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Re: role "statement"

From: Shane McCarron <shane@aptest.com>
Date: Thu, 19 Feb 2015 10:33:09 -0600
Message-ID: <CAOk_reFzyd8RzHo_zLz=kwxqtkgb31gmrsQHcqQJKS=cNMVdAg@mail.gmail.com>
To: Bill Kasdorf <bkasdorf@apexcovantage.com>
Cc: Peter Krautzberger <peter.krautzberger@mathjax.org>, "DPUB-ARIA (public-dpub-aria@w3.org)" <public-dpub-aria@w3.org>, W3C Digital Publishing IG <public-digipub-ig@w3.org>
I don't think we are in a good position to suggest new elements for HTML at
this juncture anyway.  A new role seems more in scope.  And statement is a
reasonable one.  It has clear, distinct semantics.  That's a good litmus
test for any new value for @role.

On Thu, Feb 19, 2015 at 10:29 AM, Bill Kasdorf <bkasdorf@apexcovantage.com>
wrote:

>  +1 but with some further thoughts. And thanks for the mention of
> NLM/JATS/BITS which imo has a lot of other handy features of interest
> (milestones come immediately to mind, for example, which get you out of the
> well-formedness pickle).
>
>
>
> One thought on <statement> though: I wonder if it should be a phrase level
> element. While you're correct, a "statement" is usually set off quite
> clearly (but can occur at any level), I can envision a publisher needing to
> identify a formal statement that is contained within a paragraph, for
> example.
>
>
>
> Here is a possibly relevant use case (but maybe not) from one of my
> clients, a standards publisher. Their standards typically begin with a
> chapter consisting of formal definitions of terms, and when any of those
> terms are used in the content _*in that formal sense*_ (in any form, e.g.
> plural or singular, various verb forms, etc.) that word or phrase is
> explicitly tagged as such (but not when the same word is used not in that
> formal sense), and specially formatted in rendering (bold italic in print,
> red online, etc.). So that has the sense of "formal" but it really doesn't
> have the sense of "statement." Hmm.
>
>
>
> And at the other end of the scale, very complex content can be a formal
> statement, as you mentioned: e.g., in law, a judicial ruling, a statute, an
> ordinance, etc.
>
>
>
> Which makes me wonder if really this shouldn't be a @role attribute value
> after all. That way any available structural component of a document can be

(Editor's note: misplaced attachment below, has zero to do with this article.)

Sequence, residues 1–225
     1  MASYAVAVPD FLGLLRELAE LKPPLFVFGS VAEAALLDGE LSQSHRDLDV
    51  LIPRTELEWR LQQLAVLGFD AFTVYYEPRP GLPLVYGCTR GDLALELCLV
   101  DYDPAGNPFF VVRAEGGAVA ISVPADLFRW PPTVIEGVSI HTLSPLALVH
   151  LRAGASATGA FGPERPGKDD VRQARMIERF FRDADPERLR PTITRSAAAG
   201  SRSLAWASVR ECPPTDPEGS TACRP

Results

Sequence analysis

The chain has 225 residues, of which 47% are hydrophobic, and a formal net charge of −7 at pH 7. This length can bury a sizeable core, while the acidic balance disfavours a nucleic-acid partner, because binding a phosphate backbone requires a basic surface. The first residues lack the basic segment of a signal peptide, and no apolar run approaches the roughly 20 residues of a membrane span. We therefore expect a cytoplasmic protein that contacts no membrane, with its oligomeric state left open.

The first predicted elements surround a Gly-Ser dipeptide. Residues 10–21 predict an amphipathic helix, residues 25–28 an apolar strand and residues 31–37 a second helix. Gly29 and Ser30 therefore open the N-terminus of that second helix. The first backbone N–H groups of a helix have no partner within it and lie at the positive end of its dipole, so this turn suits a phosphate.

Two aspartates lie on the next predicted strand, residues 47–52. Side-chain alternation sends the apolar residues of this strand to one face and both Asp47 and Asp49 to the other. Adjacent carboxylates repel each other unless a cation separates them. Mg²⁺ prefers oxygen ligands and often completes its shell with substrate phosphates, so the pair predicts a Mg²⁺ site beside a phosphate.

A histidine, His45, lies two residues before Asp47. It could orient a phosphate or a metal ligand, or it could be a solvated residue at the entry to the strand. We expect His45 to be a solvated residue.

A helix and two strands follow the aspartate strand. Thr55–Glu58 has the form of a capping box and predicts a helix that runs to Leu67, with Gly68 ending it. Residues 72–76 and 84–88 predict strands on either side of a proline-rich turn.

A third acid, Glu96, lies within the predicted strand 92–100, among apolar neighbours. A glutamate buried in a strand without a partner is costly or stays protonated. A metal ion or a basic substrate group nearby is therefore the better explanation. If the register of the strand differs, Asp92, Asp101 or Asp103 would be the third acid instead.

> designated as a "formal statement" or even just "formal".
>
>
>
> --Bill K
>
>
>
> *From:* Peter Krautzberger [mailto:peter.krautzberger@mathjax.org]
> *Sent:* Thursday, February 19, 2015 10:08 AM
> *To:* DPUB-ARIA (public-dpub-aria@w3.org); W3C Digital Publishing IG
> *Subject:* role "statement"
>
>
>
> Hi,
>
>
>
> As per today's DPUB-ARIA call, I wanted to separate out an item from an
> earlier discussion in December.
>
>
>
> I would like to propose a role "(formal) statement".
>
>
>
> Here's a work-in-progress definition.
>
>
>
> A minor structural division in a work, typically encapsulated in a major
> division. A fragment that is part of the overall flow (i.e., not an aside)
> but is distinguished from the surrounding content (often typographically)
> and might be referenced elsewhere (in particular, often carries a label).
>
>
>
> Among other things, statements are content fragments that might be
> aggregated in some form of index (comparable to figures).
>
>
>
> Use cases come from humanities (postulate), law (via Bill Kasdorf),
> sciences (hypothesis, experiment, ansatz, result, example), math (theorem,
> proof, definition, proposition, lemma, corollary).
>
>
>
> Statements are similar to figures except it's more textual and never
> floating. In HTML5, I'd expect it to be mostly applied to <section> though
> <p> or <div> might often work, too.
>
>
>
> Looking at the already proposed roles, statement appears a bit meta --
> question, answer, practice seem to be statements, too. For full disclosure,
> a <statement> element is part of NLM/JATS/BITS.
>
>
>
> Best regards,
>
> Peter.
>



-- 
Shane McCarron
Managing Director, Applied Testing and Technology, Inc.
Received on Thursday, 19 February 2015 16:33:37 UTC

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